sn0w75

07-30-2013, 09:34 PM

Hello everyone. I have been trying to get a model into a pose other than its bind pose. Currently I'm using the first frame out of an animation file and trying to set the model into that initial pose.

I believe my math equations are now correct. Transforming a single bone works perfectly (the children follow like it should). However, with Compound Transformations (where a child is transformed, and its parent has also been transformed), very young children seem to be highly deformed. (For example, the fingers of the model when the wrist, elbow, and shoulder bones have also been transformed.)

int targetFrame = CONST_TEST_FRAME_NUMBER;

// root bone

PMXBone *b = pmxInfo.bones[0];

BoneFrame *bf = getBoneFrame(targetFrame, b->name);

b->absoluteForm = b->relativeForm;

if(bf!=NULL)

{

b->finalRotation = bf->quaternion;

glm::vec4 homoPosition=glm::vec4(b->position + bf->translation,1.0); //position in homogeneous coordinates

glm::vec4 localPosition=glm::rotate(b->finalRotation,homoPosition);

b->relativeForm[3][0]=localPosition[0];

b->relativeForm[3][1]=localPosition[1];

b->relativeForm[3][2]=localPosition[2];

b->relativeForm[3][3]=localPosition[3];

}

Bone[0] = b->absoluteForm * invBindPose[0];

// other bones

for (size_t i = 1; i < pmxInfo.bone_continuing_datasets; i++)

{

b = pmxInfo.bones[i];

PMXBone *parent = pmxInfo.bones;

bf = getBoneFrame(targetFrame, b->name);

if(bf!=NULL)

{

b->finalRotation = glm::normalize(bf->quaternion * parent->finalRotation);

glm::vec4 homoPosition=glm::vec4(b->position + bf->translation,1.0); //position in homogeneous coordinates

glm::vec4 localPosition=glm::rotate(glm::normalize(parent->finalRotation),homoPosition);

b->relativeForm[3][0]=localPosition[0];

b->relativeForm[3][1]=localPosition[1];

b->relativeForm[3][2]=localPosition[2];

b->relativeForm[3][3]=localPosition[3];

b->absoluteForm = b->relativeForm * glm::toMat4(bf->quaternion) * parent->absoluteForm;

Bone[i] = b->absoluteForm * invBindPose[i];

}

else

{

b->finalRotation = glm::normalize(parent->finalRotation);

glm::vec4 homoPosition=glm::vec4(b->translation,1.0); //position in homogeneous coordinates

glm::vec4 localPosition=glm::rotate(b->finalRotation,homoPosition);

b->relativeForm[3][0]=localPosition[0];

b->relativeForm[3][1]=localPosition[1];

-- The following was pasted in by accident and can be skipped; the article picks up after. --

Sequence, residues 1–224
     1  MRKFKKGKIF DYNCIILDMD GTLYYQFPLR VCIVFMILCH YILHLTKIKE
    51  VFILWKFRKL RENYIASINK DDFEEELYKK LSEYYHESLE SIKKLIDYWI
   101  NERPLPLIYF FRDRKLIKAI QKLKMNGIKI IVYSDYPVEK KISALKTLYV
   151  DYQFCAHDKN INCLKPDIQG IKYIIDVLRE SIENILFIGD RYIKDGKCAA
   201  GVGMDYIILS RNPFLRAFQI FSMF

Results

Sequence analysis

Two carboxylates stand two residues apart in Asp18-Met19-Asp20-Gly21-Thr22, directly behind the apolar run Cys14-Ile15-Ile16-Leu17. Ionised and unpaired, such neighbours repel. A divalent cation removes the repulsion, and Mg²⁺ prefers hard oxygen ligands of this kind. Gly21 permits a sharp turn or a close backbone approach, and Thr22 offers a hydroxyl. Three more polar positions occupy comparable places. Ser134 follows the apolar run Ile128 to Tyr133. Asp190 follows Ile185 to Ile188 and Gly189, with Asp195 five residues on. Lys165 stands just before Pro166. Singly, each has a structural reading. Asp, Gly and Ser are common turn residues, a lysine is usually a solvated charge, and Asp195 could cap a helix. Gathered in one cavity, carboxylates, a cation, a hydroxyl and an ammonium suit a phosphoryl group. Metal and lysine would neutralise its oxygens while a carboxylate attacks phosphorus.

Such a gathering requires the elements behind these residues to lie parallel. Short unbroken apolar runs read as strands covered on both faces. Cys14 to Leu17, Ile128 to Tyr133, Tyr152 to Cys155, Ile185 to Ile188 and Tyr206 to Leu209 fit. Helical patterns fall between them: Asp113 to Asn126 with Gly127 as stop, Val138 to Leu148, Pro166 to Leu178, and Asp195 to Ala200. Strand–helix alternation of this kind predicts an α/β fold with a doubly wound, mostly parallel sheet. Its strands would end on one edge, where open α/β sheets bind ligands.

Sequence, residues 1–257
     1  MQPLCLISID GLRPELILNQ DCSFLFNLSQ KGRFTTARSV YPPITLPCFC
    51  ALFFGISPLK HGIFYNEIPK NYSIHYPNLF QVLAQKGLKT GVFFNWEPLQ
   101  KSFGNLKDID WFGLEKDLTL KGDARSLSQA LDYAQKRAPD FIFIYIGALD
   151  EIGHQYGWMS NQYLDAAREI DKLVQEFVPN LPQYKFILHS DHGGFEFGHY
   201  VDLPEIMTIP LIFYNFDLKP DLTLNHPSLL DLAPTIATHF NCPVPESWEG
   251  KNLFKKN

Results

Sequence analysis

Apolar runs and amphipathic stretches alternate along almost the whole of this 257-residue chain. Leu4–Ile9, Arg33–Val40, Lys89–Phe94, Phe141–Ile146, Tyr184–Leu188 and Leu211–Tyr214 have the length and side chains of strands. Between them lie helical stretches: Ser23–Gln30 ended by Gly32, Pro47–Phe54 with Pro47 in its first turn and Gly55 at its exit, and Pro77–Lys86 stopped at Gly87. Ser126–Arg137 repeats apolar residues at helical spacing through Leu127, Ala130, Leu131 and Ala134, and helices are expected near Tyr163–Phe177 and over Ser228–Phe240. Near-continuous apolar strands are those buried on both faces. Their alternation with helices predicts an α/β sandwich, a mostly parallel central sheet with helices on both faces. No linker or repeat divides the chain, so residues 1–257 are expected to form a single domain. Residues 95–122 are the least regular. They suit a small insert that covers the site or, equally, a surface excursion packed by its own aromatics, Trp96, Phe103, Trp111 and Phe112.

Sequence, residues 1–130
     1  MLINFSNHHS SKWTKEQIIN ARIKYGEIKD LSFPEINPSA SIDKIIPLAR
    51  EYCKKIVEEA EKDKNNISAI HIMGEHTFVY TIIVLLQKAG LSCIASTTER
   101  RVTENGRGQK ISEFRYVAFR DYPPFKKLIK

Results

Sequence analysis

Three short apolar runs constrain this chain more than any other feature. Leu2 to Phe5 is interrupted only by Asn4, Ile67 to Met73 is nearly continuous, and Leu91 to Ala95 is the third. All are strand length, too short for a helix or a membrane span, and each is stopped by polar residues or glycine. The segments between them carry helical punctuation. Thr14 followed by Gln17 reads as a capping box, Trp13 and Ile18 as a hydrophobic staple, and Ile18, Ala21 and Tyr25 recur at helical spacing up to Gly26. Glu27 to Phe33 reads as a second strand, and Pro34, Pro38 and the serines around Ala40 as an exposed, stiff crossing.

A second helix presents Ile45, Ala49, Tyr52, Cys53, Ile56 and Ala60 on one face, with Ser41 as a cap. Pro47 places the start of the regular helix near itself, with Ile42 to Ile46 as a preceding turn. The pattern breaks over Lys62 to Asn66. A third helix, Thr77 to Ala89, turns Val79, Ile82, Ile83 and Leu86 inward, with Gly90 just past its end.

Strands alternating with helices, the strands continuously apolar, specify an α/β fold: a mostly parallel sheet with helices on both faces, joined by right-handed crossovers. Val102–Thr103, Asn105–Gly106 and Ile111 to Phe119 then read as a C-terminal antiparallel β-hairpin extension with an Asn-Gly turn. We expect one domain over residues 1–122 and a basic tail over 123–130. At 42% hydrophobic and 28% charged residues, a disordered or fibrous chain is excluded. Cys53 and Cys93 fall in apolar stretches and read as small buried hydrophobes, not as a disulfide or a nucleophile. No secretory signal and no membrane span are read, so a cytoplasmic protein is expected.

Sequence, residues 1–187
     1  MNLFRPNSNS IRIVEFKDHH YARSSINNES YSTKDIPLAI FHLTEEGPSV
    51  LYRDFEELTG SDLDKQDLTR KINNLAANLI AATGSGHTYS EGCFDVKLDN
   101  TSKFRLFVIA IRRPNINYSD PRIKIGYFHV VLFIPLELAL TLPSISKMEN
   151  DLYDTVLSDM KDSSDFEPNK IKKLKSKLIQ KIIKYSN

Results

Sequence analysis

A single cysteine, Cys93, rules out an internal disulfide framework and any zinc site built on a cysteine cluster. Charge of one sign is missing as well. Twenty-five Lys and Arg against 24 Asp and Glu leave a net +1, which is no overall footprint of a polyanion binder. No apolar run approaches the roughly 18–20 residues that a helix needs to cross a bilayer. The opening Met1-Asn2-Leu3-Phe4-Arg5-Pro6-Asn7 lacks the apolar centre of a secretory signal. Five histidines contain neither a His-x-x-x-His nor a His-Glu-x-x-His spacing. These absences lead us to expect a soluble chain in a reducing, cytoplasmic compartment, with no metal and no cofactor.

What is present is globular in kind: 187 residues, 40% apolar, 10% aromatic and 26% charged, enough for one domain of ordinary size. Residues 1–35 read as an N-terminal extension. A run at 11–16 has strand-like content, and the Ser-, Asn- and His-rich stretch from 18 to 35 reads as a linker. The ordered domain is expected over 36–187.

b->relativeForm[3][2]=localPosition[2];

b->relativeForm[3][3]=localPosition[3];

b->absoluteForm = b->relativeForm * parent->absoluteForm;

Bone[i] = b->absoluteForm * invBindPose[i];

}

}

To help clarify the code some:

b->position is a glm::vec3 containing the position of the Bone in its Local/Bone-space, relative to the Parent Bone.

bf contains the transformation information for [B]one bone in one frame. In other words, you must get multiple Bone Frames to get the transformation information for all the bones in one frame.

bf->quaternion is a 4-float glm::quat containing the rotational information for bone-frame in the animation. In other words, it contains information on how the bone must be rotated to get the model from its bind pose to the current pose.

Similarly, bf->translation, a glm::vec3, contains the translational information for the bone-frame. Because human skeletons are rigid, most of the values for bf->translation are set to (0,0,0).

relativeForm and absoluteForm refer to the Local and Global matrices of the transformed bones, respectively. Before this code snippet is run, relativeForm is simply b->position converted to a matrix, and absoluteForm is the Bind Pose matrix for the bone.

Bone[] is the Final Skinning Matrix, which is sent to the shader.

Here is an image of how the model appears with this code: imgur.com/tbur5Lf (http://imgur.com/tbur5Lf)

As an extra, here is an image of a single bone in the model being transformed using this code (Instead of bf, a keyboard-controlled quaternion was used): t.co/wf38ibGoyc (http://t.co/wf38ibGoyc)

Here is a video that demonstrates my problem: youtu.be/8Cv3jMYcz64 (http://youtu.be/8Cv3jMYcz64)